In mid-April 1986 and again in September 1986, Nevins met with Olson to discuss the benefits Olson would receive if he took early retirement. Olson indicated that he was not going to retire because the award was not sufficient. Approximately a week later Nevins informed Olson that Mobil had decided not to fill the Construction Manager position it had originally offered him, and that his only options were to accept a salary grade 17 staff position or take early retirement. In late September, Olson elected early retirement to be effective April 1, 1987. In November, Nevins told Olson to clear out his desk and surrender his Mobil identification badges. Although Olson's salary continued until the April 1987 date, his last day on the job was November 19, 1986.
During a golf game with former Mobil colleagues in mid-August 1987, Olson learned that Phil Del Vecchio, a younger man, was performing Olson's former duties and responsibilities at a salary grade of 20. Olson contends that knowledge of this fact first led him to believe that he had an age discrimination claim against Mobil.
In October 1987, Olson filed a complaint of age discrimination in employment with the Fairfax County Human Rights Commission, which then cross-filed a complaint with the Equal Employment Opportunity Commission (EEOC). Olson filed this lawsuit on September 2, 1988, in the United States District Court for the Eastern District of Virginia alleging that Mobil had discriminated against him on the basis of his age and had constructively discharged him by pressuring him to take early retirement, all in violation of the Age Discrimination in Employment Act ("ADEA"), 29 U.S.C. Secs. 621 et seq. Mobil denied discrimination and contended that Olson had failed to file a charge of age discrimination with the EEOC within 180 days of the date on which the alleged unlawful employment practice occurred. See id. Sec. 626(d).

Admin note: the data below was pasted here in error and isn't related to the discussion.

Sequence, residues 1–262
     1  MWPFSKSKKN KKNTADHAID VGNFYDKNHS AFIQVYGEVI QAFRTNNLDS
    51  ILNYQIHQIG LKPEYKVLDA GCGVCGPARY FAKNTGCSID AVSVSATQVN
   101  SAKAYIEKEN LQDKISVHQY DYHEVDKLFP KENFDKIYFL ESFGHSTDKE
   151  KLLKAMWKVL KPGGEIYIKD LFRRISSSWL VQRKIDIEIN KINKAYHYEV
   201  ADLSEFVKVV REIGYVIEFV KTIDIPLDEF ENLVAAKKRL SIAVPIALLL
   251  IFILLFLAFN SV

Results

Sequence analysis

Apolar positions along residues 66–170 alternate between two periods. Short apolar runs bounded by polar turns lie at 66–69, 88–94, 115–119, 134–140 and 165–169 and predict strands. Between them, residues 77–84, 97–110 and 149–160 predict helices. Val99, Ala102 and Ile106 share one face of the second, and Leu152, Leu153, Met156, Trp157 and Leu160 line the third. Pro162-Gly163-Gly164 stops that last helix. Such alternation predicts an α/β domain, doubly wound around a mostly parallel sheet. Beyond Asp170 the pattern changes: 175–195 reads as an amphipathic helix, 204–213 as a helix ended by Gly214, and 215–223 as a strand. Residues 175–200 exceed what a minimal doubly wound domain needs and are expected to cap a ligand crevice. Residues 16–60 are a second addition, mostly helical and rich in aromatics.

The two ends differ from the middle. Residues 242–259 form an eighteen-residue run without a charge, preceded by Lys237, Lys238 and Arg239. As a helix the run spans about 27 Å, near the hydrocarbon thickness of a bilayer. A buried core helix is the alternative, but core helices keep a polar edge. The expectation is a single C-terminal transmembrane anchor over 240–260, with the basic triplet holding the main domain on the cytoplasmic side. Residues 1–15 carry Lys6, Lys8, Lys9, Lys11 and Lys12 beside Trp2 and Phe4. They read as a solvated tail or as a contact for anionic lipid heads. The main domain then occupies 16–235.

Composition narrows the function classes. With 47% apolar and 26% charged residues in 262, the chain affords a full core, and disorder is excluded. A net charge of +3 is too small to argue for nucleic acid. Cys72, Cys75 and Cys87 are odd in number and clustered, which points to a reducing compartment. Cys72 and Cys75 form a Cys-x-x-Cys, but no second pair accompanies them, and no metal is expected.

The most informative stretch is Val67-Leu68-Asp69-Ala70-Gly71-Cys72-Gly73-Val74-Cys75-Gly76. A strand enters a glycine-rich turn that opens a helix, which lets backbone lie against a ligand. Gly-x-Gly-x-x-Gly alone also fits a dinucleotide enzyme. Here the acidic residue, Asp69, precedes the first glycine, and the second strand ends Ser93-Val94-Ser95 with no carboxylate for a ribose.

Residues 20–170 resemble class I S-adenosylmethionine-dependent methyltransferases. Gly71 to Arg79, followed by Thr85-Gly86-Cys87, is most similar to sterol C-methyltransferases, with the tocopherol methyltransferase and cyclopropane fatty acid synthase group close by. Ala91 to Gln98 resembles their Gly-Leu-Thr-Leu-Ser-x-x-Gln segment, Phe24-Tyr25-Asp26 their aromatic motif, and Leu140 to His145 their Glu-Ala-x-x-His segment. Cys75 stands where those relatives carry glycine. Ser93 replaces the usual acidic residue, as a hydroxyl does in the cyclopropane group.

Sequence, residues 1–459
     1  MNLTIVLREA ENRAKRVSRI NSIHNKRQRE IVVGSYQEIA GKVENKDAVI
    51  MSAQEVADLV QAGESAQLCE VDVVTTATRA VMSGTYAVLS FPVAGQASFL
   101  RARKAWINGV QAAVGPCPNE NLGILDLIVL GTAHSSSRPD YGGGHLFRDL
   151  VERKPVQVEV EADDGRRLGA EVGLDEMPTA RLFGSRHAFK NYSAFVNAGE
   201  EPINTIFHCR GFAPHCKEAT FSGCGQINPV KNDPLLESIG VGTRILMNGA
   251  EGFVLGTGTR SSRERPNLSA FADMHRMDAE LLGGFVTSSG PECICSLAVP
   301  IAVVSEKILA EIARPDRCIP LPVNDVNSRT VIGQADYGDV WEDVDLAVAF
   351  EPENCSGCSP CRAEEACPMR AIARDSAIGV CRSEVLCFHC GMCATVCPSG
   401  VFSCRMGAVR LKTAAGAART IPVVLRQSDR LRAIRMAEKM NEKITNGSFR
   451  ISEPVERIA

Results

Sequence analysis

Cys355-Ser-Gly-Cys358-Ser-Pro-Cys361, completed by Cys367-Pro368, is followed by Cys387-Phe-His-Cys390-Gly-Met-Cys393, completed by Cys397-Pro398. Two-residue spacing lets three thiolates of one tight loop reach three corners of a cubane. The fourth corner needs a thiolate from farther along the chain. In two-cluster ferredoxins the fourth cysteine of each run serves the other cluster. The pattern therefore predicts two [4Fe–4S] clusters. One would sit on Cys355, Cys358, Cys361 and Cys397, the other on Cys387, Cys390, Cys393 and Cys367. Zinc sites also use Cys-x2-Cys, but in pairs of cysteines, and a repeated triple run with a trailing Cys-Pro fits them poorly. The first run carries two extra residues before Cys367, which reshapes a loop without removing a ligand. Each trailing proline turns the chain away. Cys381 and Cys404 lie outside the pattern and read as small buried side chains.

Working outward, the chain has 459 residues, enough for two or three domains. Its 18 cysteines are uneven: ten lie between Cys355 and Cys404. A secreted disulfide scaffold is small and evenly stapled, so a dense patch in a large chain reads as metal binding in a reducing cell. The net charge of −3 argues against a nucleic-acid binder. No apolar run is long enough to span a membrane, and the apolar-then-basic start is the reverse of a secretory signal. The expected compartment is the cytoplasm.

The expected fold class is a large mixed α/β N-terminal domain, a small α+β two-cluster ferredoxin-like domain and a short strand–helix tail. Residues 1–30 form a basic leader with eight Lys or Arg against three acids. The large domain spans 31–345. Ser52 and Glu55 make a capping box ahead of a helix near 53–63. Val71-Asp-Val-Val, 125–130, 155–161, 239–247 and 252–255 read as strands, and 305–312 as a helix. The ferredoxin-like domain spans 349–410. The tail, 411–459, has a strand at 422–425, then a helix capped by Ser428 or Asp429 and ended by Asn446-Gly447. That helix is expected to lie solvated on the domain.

On February 15, 1989, after reviewing Olson's deposition, the district court granted Mobil's motion for summary judgment. The court held that Olson's cause of action had accrued on November 19, 1986, when he was unequivocally asked to leave Mobil, that he had not filed a timely charge of age discrimination with the EEOC, and that he had not presented facts warranting equitable tolling. This appeal followed.
The ADEA provides that no action based on a claim of age discrimination may be brought in federal court unless a charge shall be filed with the EEOC within 180 days of the alleged unlawful practice. 29 U.S.C. Sec. 626(d). The 180-day limitations period for an ADEA action arising out of a job termination commences when the employee is informed of his termination, see Price v. Litton Business Sys., Inc., 694 F.2d 963, 965 (4th Cir.1982), even if he is not then aware of its discriminatory nature. Felty v. Graves-Humphreys Co., 785 F.2d 516, 518-19 (4th Cir.1986). However, the limitations period is not jurisdictional, Vance v. Whirlpool Corp., 716 F.2d 1010, 1011-12 (4th Cir.1983), and may equitably be tolled if a plaintiff proves "that it would have been impossible for a reasonably prudent person to learn that his discharge was discriminatory." Miller v. Int'l Tel. and Tel. Corp., 755 F.2d 20, 24 (2d Cir.1985).